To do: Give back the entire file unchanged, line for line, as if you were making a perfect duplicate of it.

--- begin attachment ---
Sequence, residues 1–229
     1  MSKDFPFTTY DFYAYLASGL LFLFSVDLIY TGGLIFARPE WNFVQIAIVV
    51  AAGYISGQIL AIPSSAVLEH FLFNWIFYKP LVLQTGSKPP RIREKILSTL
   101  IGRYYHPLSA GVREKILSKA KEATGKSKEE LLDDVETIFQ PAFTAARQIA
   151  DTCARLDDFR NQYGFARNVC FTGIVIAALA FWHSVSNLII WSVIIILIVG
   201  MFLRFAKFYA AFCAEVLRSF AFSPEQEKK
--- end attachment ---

Sequence, residues 1–229
     1  MSKDFPFTTY DFYAYLASGL LFLFSVDLIY TGGLIFARPE WNFVQIAIVV
    51  AAGYISGQIL AIPSSAVLEH FLFNWIFYKP LVLQTGSKPP RIREKILSTL
   101  IGRYYHPLSA GVREKILSKA KEATGKSKEE LLDDVETIFQ PAFTAARQIA
   151  DTCARLDDFR NQYGFARNVC FTGIVIAALA FWHSVSNLII WSVIIILIVG
   201  MFLRFAKFYA AFCAEVLRSF AFSPEQEKK